Tuesday, October 16, 2007

Oxtails Are Kid Food...Who Knew? (and a few impromtu grumblings about Jessica Seinfeld's new Neurotic Food Bandit book)

I never had oxtails growing up, so I don’t think of it as the kind of food you serve kids exactly.

It’s not something you whip up for your kid’s 3rd birthday party. And if you give your 5 year old a choice between say pizza or oxtails, chances are they’re not gonna scream, “Oxtails, please…pizza sucks!” That said, my kids love oxtail soup. I made it the other night and you’d think they hadn’t eaten a thing in days. They devoured it handily.

The truth is, this succulent little meal is perfect for a blustery October day. The meat gets so tender in the fatty broth and falls off the bone in little juicy clumps. The broth is dotted with slicks of fat, which might scream out to the cook for a good skimming with a ladle, but from a parents point of view, all that fat from pasture fed ox is like a booster for little developing brains. And frankly, as a devout meat lover, I would rather get my fat calories from a hardy soup than from a sugary cupcake any day of the week.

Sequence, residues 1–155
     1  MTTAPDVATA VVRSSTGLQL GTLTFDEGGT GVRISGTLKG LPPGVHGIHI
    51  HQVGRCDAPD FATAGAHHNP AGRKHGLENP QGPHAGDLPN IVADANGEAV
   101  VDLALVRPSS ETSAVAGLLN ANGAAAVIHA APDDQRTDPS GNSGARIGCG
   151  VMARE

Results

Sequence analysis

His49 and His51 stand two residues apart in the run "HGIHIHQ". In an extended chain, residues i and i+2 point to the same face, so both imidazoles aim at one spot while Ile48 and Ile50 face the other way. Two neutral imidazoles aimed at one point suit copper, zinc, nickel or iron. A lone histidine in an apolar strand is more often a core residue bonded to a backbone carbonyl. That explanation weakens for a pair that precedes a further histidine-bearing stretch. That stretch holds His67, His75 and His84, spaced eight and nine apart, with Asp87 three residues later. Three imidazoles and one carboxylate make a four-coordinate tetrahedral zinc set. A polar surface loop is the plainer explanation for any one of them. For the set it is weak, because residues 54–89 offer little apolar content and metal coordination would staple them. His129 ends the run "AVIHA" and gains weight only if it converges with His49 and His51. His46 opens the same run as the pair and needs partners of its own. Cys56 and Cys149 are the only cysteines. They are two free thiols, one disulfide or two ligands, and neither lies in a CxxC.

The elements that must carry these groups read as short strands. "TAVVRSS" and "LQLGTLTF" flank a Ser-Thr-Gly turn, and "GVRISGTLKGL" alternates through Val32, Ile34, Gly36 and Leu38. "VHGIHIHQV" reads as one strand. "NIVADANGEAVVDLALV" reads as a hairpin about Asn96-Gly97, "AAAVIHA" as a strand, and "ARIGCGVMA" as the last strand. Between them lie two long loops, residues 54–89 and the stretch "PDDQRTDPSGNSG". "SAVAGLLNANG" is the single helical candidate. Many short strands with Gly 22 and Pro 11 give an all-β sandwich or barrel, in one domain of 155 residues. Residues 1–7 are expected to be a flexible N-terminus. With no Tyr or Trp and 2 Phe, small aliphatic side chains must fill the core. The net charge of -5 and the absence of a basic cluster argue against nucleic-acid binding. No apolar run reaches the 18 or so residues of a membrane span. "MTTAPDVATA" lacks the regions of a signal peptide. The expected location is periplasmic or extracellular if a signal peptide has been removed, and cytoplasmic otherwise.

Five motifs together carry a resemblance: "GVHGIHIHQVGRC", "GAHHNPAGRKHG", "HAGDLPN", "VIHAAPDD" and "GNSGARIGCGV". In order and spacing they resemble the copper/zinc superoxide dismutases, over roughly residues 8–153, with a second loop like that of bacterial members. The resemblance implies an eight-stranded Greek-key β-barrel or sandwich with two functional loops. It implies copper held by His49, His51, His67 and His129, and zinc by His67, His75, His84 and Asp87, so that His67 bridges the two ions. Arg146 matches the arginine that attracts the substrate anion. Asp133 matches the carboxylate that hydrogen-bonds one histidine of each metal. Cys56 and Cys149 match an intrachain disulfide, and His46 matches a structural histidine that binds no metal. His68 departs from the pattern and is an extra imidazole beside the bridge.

The girls are just squirrely about the meat. Edie pops those stringy pieces in her mouth and the juices run down her chin. She has her little fingers in the bowl again before I even realize it. Lucy loves "the juice" (which means broth in our house) and she gulps it down sloppily right from the bowl.

And since all the veg are dressed in this rich broth, they go down easy and more get eaten than anyone can count or measure (which is sooooo much better than the latest cookbook advice from Jessica Seinfeld/Neurotic Food Bandit, who purees her veg under the cloak of darkness and injects the stuff willy nilly into her kid's food whenever they're not looking. Ah! Thanks Jessica for going on Oprah and inspiring millions of women to trick their kids into eating better, which is so much easier than actually inspiring them to eat and cook great food...Okay, now I guess I have to officially and thoughtfully post about her book. Fair enough.)

Back to the soup - there are lots of ways to skin this cat, but my soup is pretty basic. If you want to make a stew instead of a soup, you can thicken the broth...and voila!...Stew. I use whatever veg is sitting around the old fridge. This is a snap.

Oxtail Soup

(makes for 6 people)


2 cups flour
Salt and pepper to taste
6 pounds oxtail, cut into chunks (approximately 12 chunks)
1/4 cup olive oil
4 cloves garlic sliced and mashed (or just make your life easier and use the jarred chopped garlic)
1 large onion chopped into chunks
Beef broth (I make my own, but a good organic store-bought brand is fine)
4 stalks of celery, chopped into chunks
4 carrots peeled and chopped into chunks (or use the pre-cut variety to save your sanity)
5 potatoes peeled and chopped into large chunks

At naptime:

In a shallow bowl, add the flour. Season well with salt and pepper. Dredge the oxtails in the flour, shaking off any excess. In a large stock pot or Dutch oven over high heat, add the olive oil, heat it up and throw those guys in. Brown on all sides, about 3 minutes per side.